32. POST-Garcetti cases of interest to law enforcement • Foley v. Town of Randolph (1st Cir. 2010): Fire chief spoke at the scene of a fire in uniform. Commented on how budget cutbacks had adversely impacted department’s response. Discipline was upheld as he was speaking as a public employee and not a private citizen. • Andrew v. Clark (4th Cir. 2009): Officer was terminated based upon a memo he wrote re: a police shooting. Memo was shared with a reporter. Officer claimed he had a First Amendment right to speak about a matter of public concern. • Because Andrew wrote the memo as a private citizen, the Court ordered that it be reviewed to determine whether it addressed a matter of public concern. If so, then court will need to balance the interests of the employee, as a citizen, and the interests of the State, as an employer, in promoting the efficiency of the public services it provides.

  33. WHAT IS A MATTER OF PUBLIC CONCERN? • Factors to consider: Context, content and manner of speech, legitimate news interest or value to society. • City of San Diego v. Roe (Sup. Ct. 2004): Ct. considered the First Amendment claims of a police officer who was terminated after the department learned of his sexually explicit off-duty behavior. • Made video of himself stripping off his police uniform and masturbating. Sold the video and other items (which connected him to the SDPD) on the adults-only section of eBay. The Sup. Ct., in reversing the 9th Cir., upheld the City’s decision to terminate Roe. • No balancing of interests was necessary as Roe’s conduct did not touch on a matter of public concern.

  34. Roe, cont. • Termination was upheld as the PD “demonstrated legitimate and substantial interests of its own that were compromised by Roe’s speech.” • Roe’s sexually explicit conduct “brought the mission of the employer and the professionalism of its officers into serious disrepute.” • If not a matter of “public concern,” then no need to apply the balancing test.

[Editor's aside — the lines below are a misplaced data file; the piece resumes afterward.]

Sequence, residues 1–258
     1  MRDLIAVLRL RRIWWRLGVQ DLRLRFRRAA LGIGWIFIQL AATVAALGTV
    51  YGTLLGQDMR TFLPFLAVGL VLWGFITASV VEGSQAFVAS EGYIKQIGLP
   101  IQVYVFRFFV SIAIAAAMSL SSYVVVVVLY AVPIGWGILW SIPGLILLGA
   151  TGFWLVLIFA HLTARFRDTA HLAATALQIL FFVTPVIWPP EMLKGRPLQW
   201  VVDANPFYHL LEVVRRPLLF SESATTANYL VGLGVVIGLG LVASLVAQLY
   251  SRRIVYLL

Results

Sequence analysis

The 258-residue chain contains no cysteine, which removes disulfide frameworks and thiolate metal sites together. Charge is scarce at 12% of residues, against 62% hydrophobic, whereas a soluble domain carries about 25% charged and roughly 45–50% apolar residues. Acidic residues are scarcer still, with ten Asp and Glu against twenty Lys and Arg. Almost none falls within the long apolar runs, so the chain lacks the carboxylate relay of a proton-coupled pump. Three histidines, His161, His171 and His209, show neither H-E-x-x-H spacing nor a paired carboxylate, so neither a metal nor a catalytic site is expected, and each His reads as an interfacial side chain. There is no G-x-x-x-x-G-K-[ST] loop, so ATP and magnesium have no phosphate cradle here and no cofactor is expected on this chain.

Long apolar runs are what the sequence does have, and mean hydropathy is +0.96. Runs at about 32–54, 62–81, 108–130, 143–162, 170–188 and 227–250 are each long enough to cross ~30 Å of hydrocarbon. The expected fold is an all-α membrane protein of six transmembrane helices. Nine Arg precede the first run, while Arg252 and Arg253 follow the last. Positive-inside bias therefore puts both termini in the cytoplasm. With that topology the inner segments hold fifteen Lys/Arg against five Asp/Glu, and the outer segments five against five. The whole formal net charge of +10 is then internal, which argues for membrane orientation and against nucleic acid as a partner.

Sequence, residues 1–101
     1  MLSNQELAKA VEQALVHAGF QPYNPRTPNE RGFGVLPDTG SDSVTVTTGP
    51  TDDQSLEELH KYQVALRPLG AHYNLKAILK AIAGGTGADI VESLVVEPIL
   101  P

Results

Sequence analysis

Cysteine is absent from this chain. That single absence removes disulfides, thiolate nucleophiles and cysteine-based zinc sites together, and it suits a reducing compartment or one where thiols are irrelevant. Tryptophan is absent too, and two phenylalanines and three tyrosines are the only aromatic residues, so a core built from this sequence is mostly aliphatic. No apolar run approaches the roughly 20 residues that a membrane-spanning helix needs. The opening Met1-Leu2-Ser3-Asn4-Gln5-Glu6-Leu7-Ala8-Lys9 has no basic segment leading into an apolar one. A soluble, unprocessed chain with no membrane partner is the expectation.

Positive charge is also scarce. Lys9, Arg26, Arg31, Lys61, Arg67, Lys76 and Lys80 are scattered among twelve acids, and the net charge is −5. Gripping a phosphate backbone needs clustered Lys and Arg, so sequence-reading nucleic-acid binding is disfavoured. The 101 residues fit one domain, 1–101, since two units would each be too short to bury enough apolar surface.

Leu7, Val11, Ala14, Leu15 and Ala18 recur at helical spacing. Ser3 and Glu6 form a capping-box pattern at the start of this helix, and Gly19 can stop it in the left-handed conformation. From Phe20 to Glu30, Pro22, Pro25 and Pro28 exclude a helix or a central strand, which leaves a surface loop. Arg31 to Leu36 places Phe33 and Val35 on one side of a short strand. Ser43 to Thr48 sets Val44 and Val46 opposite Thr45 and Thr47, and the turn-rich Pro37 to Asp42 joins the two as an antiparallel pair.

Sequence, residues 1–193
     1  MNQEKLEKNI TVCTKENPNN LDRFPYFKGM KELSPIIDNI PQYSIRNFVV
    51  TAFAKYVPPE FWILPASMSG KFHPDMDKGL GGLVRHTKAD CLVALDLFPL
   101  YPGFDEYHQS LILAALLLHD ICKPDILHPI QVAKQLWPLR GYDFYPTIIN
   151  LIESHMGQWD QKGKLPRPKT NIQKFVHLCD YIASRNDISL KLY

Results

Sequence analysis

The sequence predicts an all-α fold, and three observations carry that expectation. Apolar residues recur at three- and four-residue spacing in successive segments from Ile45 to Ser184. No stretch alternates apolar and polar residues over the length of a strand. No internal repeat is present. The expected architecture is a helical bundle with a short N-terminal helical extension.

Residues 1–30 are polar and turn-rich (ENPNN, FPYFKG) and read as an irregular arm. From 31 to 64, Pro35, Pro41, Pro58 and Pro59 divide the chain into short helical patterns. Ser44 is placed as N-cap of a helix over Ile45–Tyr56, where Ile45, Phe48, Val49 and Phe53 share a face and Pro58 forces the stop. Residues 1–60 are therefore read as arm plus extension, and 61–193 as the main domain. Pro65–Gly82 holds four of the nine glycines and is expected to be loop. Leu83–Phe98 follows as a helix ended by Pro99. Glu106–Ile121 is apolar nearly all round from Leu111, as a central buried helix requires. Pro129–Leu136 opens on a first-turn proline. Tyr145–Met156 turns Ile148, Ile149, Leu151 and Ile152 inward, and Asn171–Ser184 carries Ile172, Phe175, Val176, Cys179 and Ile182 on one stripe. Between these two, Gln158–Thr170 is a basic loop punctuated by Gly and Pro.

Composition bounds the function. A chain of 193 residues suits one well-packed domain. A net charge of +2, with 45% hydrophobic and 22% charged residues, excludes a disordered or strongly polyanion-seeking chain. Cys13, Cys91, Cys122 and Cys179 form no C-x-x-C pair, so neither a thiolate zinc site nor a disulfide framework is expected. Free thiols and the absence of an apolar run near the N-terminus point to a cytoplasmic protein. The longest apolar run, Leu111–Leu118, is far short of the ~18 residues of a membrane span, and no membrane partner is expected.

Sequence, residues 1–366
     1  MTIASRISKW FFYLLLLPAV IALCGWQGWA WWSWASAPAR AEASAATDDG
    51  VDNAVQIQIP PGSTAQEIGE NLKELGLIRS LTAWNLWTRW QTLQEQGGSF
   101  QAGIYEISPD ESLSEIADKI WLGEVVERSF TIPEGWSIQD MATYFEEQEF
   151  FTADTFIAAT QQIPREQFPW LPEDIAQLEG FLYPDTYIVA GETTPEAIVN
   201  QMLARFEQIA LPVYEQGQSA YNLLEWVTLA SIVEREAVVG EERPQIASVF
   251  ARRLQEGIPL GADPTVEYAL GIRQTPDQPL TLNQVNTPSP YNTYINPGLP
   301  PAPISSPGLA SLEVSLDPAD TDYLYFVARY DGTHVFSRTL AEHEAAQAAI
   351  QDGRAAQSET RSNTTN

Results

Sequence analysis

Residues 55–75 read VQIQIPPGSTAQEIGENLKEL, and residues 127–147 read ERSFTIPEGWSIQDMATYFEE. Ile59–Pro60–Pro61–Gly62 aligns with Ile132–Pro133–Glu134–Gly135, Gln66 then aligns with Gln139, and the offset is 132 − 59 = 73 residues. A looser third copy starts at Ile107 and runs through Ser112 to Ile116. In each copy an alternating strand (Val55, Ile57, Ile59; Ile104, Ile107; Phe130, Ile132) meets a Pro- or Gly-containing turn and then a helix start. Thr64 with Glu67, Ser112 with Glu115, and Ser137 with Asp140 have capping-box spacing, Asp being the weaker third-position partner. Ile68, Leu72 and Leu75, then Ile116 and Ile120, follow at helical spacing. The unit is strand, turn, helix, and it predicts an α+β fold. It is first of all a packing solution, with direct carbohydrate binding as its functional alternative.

35. Dible v. City of Chandler (9th Cir. 2008) • Officer was terminated by PD for maintaining sexually explicit website featuring himself and his wife. Operated site for money – no intention to express any kind of message or engage in social or political commentary. • PD learned of site and dismissed Dible. • Basis: Violated policy from bringing discredit to the city service.

  36. Dible, cont. • Court asked “whether a police officer can ever disassociate himself from his powerful public position sufficiently to make his speech (and other activities) entirely unrelated to that position in the eyes of the public and his supervisors.” • Dible’s activities “brought the mission of the employer and the professionalism of its officers into serious disrepute.” • Negative impact to PD – Officers indicated that they had been questioned and ridiculed about the website. A female officer claimed she had been called a “porn whore” by an arrestee. • Concern about its ability to recruit female officers.

  37. Dible, cont. • Court rejected Dible’s First Amendment claim. “Ronald Dible may have the constitutional right to run his sex oriented business, but he has no constitutional right to be a policeman for the City at the same time.”

  38. Thaeter v. Palm Beach County SO (11th Cir. 2006) • Court upheld the SO’s termination of sheriff’s deputy for participating for compensation in sexually explicit photographs and videos available for paid viewing on the Internet. • As in the Roe case, the officer’s conduct (or, “speech”), did not involve a matter of “public concern.” Therefore, no need to apply the Pickering balancing test. • Government can legally apply constraints on employees’ behavior, even if “off duty.”

  39. MATTERS OF PUBLIC CONCERN – BALANCING OF INTERESTS • Interests of law enforcement employer in maintaining discipline and harmony in the workplace, close working relationships, and community trust and respect must be given significant weight. • Locurto v. Giuliani (2nd Cir. 2006): Even if it is a matter of public concern, the government employer can consider the potentially disruptive effects of its employees’ actions.